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Pubs face disaster on New Year's Eve

A BLEAK 2010 looks set to be capped by a disastrous New Year's Eve for city restaurants and pubs who may be left without water.

Businesses are being pushed to breaking point because of the capital's water crisis.

And one of the biggest nights of the year is now under threat.

A decision on restrictions for New Year's Eve will be made in the coming hours, but a senior engineer has warned that businesses might not like it.

"We are aware of the problems for business and how important New Year's Eve is to them," said city council engineer Brian McKeown.

The serious water problems have led to calls for changes to building regulations that would ensure pipes for all new projects would be better protected.

But the Restaurants' Association of Ireland has warned that many businesses will have gone bust by St Patrick's Day unless councils agree to pay compensation.

Officials had hoped water restrictions would be lift before Friday, but the difficulty of locating burst pipes is causing havoc.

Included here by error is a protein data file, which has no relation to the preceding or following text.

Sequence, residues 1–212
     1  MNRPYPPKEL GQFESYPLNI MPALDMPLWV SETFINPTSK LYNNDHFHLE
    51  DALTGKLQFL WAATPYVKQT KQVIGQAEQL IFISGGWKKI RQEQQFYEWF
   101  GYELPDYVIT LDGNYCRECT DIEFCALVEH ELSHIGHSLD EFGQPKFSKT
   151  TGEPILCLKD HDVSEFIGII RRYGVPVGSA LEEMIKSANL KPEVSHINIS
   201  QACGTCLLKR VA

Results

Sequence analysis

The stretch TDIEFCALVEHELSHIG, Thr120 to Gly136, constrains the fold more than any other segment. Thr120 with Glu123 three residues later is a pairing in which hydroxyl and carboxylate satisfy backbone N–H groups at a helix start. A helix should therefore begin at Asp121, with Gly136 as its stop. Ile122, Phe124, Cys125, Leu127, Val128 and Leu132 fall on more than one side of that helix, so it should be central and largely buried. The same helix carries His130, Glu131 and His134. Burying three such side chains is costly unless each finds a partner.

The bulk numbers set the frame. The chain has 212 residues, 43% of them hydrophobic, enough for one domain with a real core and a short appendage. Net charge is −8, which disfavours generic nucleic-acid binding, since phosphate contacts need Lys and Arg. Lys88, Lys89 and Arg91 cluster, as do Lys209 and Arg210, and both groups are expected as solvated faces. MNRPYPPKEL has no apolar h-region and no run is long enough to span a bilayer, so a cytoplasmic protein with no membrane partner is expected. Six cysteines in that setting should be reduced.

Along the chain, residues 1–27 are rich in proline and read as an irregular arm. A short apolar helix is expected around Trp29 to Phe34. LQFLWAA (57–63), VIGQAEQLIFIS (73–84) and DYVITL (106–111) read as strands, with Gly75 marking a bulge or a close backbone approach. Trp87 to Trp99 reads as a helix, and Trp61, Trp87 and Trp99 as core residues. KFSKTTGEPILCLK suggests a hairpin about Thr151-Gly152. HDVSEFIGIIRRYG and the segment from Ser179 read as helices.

"We're going to look at the situation. Obviously we're aware of that particular evening to business and so on. We'll be reviewing that situation and making a decision on it either today or tomorrow to let people know," said Mr McKeown.

He ruled out just supplying water to businesses in parts of the city on December 31.

"Restaurants and pubs and hotels are scattered right across the city and the Dublin region, so it could be unfair to pick out one particular zone and say the businesses in that area are going to be okay," he said.


Dublin TD Michael Kennedy wants stricter laws to be enforced around the issue of pipe-laying.

"The pipes supplying water to our homes, businesses and community facilities are too close to the ground's surface and therefore are more vulnerable to freezing over or bursting during severely cold weather," he said.

Some hotel and restaurant owners did invest in their own storage tanks after the crisis that followed last January but even these won't be able to deal with prolonged cut-offs.